The microbes in our gut don’t provide us with a great immune system and various metabolic functions for free. To maintain a healthy symbiotic relationship we have to feed the metabolic powerhouse in our guts with fermentable food ingredients – prebiotics – that these microbes are able to utilize. The fact is that the human host only produces the needed enzymes to digest starch, monosaccharides, and some disaccharides, and that the rest of the carbohydrate we eat are either passed through undigested or broken down by bacteria in the colon.
One of the problems with the typical western diet – with plenty of refined food high in fat and/or sugar – is that it’s primarily absorbed in the small intestine and contains little prebiotic fiber for our old friends in the colon. We’re virtually starving 90% of the cells in our body, and on top of that we’re probably changing the balance of bacteria in the upper gastrointestinal tract by eating massive amounts of refined carbohydrates and fats (10).
There are now plenty of studies showing that the typical western diet – that is certainly without evolutionary precedent – alters the balance of microbes in the gut (11,12,13,14). It’s also been shown that a single high-fat meal, low in dietary fiber, can initiate endotoxemia in just a few hours, and that levels of C-reactive protein shoot up quickly after consuming a typical McDonald’s breakfast (15,16). When we lived as hunter-gatherers in the wild, this response to a high-fat meal would have benefitted us in the sense that low-grade inflammation initiated increased fat storage and therefore better survival when food was scarce. However, in the industrialized world we have virtually unlimited access to calories, and refined junk foods are especially cheap. This daily influx of hyper-palatable food certainly drives weight gain through several mechanisms, and changes to the gut microbiota and increased translocation of bacterial toxins seem to be very important in that regard.
So, diet can change the composition of bacteria in our bodies. What else? We know that antibiotics dramatically alters the microbiome and that antibiotic exposure in early life is associated with consistent increases in body mass during the next years of life (17,18). Other factors that seem to play an important role are the increased rates of c-sections, bottle-feeding in infancy, reduced exposure to soil microbes, modern hygiene, and limited consumption of fermented food.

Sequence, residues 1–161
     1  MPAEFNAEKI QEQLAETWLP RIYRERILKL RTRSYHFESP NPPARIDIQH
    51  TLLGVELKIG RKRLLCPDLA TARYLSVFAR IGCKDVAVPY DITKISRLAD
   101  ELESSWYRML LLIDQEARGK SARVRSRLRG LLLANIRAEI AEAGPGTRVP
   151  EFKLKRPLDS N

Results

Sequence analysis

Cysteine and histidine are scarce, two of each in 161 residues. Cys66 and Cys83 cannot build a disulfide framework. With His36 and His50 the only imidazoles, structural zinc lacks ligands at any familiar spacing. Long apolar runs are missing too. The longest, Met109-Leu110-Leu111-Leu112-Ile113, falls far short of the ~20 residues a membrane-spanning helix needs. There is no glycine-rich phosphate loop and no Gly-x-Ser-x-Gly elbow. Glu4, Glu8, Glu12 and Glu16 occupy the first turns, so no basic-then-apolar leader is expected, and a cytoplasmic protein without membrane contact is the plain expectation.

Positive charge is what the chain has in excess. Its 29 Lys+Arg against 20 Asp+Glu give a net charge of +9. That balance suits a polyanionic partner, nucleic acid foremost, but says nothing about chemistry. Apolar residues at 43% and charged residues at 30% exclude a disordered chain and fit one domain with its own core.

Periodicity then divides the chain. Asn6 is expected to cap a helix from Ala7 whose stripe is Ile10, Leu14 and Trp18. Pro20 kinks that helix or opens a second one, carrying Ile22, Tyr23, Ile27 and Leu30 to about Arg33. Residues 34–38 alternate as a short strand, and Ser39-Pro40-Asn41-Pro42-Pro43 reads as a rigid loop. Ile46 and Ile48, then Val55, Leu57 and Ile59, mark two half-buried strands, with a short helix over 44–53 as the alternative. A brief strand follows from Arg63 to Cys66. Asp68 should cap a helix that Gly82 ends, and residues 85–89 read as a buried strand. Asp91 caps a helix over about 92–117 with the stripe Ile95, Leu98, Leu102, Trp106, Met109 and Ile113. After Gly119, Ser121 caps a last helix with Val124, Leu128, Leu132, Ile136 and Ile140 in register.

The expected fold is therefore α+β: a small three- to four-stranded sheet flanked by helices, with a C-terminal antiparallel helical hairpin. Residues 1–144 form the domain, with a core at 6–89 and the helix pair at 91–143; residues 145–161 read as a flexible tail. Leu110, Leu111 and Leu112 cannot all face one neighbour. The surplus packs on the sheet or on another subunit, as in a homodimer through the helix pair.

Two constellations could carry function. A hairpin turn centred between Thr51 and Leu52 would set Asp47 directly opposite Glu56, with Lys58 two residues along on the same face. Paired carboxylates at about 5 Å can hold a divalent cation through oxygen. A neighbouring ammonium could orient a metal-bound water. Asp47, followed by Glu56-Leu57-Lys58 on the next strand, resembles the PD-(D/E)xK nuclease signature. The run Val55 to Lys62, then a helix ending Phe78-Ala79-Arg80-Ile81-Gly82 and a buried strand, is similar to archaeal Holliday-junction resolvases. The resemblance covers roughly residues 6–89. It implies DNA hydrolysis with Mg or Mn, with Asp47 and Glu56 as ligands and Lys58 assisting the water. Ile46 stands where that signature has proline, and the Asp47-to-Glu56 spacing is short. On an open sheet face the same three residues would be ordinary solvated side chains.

The gut microbiota and regulation of body fat
Microorganisms are found in most parts of the human body, and each location has a unique composition of bacteria that are able to live in symbiotically with the human host in that specific environment. The large intestine is where most of the microbes live, and this collection of gut microbes – gut microbiota – is also the part of the microbiome that is most important in terms of weight regulation.
In 2004, researchers at Washington University in St. Louis were some of the first to document a link between the gut microbiome and host energy homeostasis. They noticed that mice raised without a microbiome ñ germ-free mice ñ had 40% less total body fat than conventionally raised mice, while at the same time eating 29% more energy. Even more surprisingly; when these germ-free mice were colonized with normal microbiota, they experienced a 60% increase in body fat content within 14 days (3).
It’s important to note that we can’t live without the microbiome and that the complete absence of microbes – as seen in this trial – is not something to aim for.
In the decade that has passed since this first glimpse into the connection between the gut microbiota and weight regulation, the research in this field has exploded, and these are some of the things we now know:
Both studies in animals and humans show that obesity is characterized by an “obese microbiota” that is quite different than the microbiota of a lean person (19,20,21).
Germ-free animals who are inoculated with microbiota from an obese person gain more weight than animals who receive microbiota from a lean person (22).
Changes in the gut microbiota contribute to reduced host weight after gastric bypass surgery (23,24).
Changes in the bacterial communities can cause weight gain (25,26,27).
Transfer of intestinal microbiota from lean donors increases insulin sensitivity in individuals with metabolic syndrome (28).
How can microbes affect whether we gain or lose weight?
While most of the studies have focused on the gut microbiota in obesity, it’s apparent that the critters within play an essential role in weight regulation for everyone. But how is it that microorganisms are able to influence our body weight?
Since we know that the microbiome constitutes most of our cells and DNA, and that the gut microbiota provides so many important metabolic functions in our body, it’s no surprise that disruption of healthy gut microbiota can promote weight gain through several different mechanisms. While a lot of the early animal studies focused on the role microbes play in energy harvesting, it’s now becoming clear that this enhanced energy extraction from food only is a small part of a much bigger picture.